All-out war on unpaid internships

Even White House interns are seeking a wage as the current economy makes on-the-job experience a costly privilege.

By Jason Notte Aug 21, 2013 7:59AM
The White House in Washington, D.C.If you're spending this summer toiling in obscurity as an unpaid intern, don't worry: Your payday is coming soon enough.


The unpaid internship is under an all-out assault from labor advocates and former interns who note that not only is it a means of subverting the minimum wage, but it's a tactic that allows only the privileged access to certain institutions and industries.


That argument has gone all the way to the top, CNNMoney reports, now that the Fair Pay Campaign lobbying group has called upon President Barack Obama to pay White House interns. The hope is that the administration will set an example for both private companies and government agencies while helping interns who face massive student loans, minimum-wage job prospects and, potentially, a few more years living at home.


President Obama has spent the summer stumping for a minimum wage increase, but White House internships are unpaid, housing isn't provided and interns should expect to work "at least Monday-Friday, 9 a.m.-6 p.m.," according to the White House website. Critics say that sends a conflicted message at best.


"We have a minimum wage law in this country, and just because you call someone an intern doesn't mean you get out of it," said Mikey Franklin, head of the Fair Pay Campaign.


Last week, Facebook (FB) chief operating officer Sheryl Sandberg's Lean In organization backed off an ad it posted for an unpaid internship position. The job posting alone garnered more than 300 comments and even spurred a Change.org petition that called for the nonprofit group to pay.


In June, a federal court ruled that Fox Searchlight Pictures (FOXA) violated wage laws by not paying interns who worked on "The Black Swan." The same month, 189 interns who once worked for Charlie Rose and his production company were given about $1,100 in back wages after they brought a lawsuit against the newsman for not paying them.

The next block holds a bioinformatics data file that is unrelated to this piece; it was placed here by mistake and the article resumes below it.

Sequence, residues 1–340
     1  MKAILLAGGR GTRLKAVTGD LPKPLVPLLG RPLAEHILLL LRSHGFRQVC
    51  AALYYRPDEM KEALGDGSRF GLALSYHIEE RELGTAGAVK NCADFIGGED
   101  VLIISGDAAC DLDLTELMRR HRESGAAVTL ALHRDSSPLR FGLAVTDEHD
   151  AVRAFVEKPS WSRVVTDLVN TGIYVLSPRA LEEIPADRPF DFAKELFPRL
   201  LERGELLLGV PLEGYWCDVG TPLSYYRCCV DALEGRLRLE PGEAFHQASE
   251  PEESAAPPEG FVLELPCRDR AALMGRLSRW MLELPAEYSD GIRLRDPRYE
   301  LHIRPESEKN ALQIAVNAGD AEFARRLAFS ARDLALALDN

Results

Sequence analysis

A minimum-wage battle between Wal-Mart (WMT) and left-leaning magazine The Nation got more pitched this month when the giant retailer chided the publication for using unpaid interns. Although The Nation now pays its dozen or so interns, Wal-Mart notes the publication still pays them minimum wage and may have to cut their numbers.


This past February, an intern filed a $50 million lawsuit against Elite Model Management for violating wage laws, and former interns from Hearst Magazine, Atlantic Records, the website Gawker and Warner Music Group have filed similar suits


The message is simple: In this economy, a small paycheck beats none, and experience isn't worth much if it can't pay down your debts.


More on moneyNOW

75Comments
Aug 21, 2013 9:27AM
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I have seen too many unpaid interns used as slave labor - with a promise of a job that never occurs
Aug 21, 2013 12:05PM
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If Walmart doesn't pay someone for an hour of work, they can receive a fine of up to $10,000.00.  But an intern can "work" for weeks, months, or even years and this is ok ?  Why ?
Aug 21, 2013 12:17PM
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Interns are a way to not pay employees, plain and simple.

Aug 21, 2013 9:40AM
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Why can't ALL political jobs be unpaid?  None of them do any actual work.  From Obama down to the Mayors and councilmen/women.  Some broke officials might go a long way toward bringing jobs back to the US.  How can they raise minimum wage and force businesses to pick up the cost of Obamacare.  Maybe the plan is to put everyone out of business completely and Nationalize everything.  
Aug 21, 2013 9:16AM
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More often than not, interns (particularly unpaid ones) end up with a negative experience.  Since they are not paid, nobody really cares about them so they are given meaningless chores, or nothing at all to do.  It is a waste of their time, and they get a bad impression of the labor market.  This probably is not true with high-visibility internships (White House, Facebook, etc), but common in other settings.  Pay them so that they learn the correlation between work and money.